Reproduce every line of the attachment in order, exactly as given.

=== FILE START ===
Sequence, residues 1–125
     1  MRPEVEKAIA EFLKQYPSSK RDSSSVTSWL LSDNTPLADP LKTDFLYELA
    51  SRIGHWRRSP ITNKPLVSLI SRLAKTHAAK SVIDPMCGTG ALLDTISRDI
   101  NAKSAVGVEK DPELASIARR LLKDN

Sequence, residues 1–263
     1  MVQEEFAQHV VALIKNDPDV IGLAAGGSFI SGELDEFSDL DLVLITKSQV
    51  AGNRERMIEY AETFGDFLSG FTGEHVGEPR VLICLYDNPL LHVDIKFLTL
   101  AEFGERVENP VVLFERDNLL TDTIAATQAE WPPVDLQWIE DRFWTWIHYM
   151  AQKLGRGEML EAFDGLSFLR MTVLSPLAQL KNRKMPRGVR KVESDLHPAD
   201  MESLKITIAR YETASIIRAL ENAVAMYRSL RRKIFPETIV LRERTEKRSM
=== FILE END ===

Sequence, residues 1–125
     1  MRPEVEKAIA EFLKQYPSSK RDSSSVTSWL LSDNTPLADP LKTDFLYELA
    51  SRIGHWRRSP ITNKPLVSLI SRLAKTHAAK SVIDPMCGTG ALLDTISRDI
   101  NAKSAVGVEK DPELASIARR LLKDN

Sequence, residues 1–263
     1  MVQEEFAQHV VALIKNDPDV IGLAAGGSFI SGELDEFSDL DLVLITKSQV
    51  AGNRERMIEY AETFGDFLSG FTGEHVGEPR VLICLYDNPL LHVDIKFLTL
   101  AEFGERVENP VVLFERDNLL TDTIAATQAE WPPVDLQWIE DRFWTWIHYM
   151  AQKLGRGEML EAFDGLSFLR MTVLSPLAQL KNRKMPRGVR KVESDLHPAD
   201  MESLKITIAR YETASIIRAL ENAVAMYRSL RRKIFPETIV LRERTEKRSM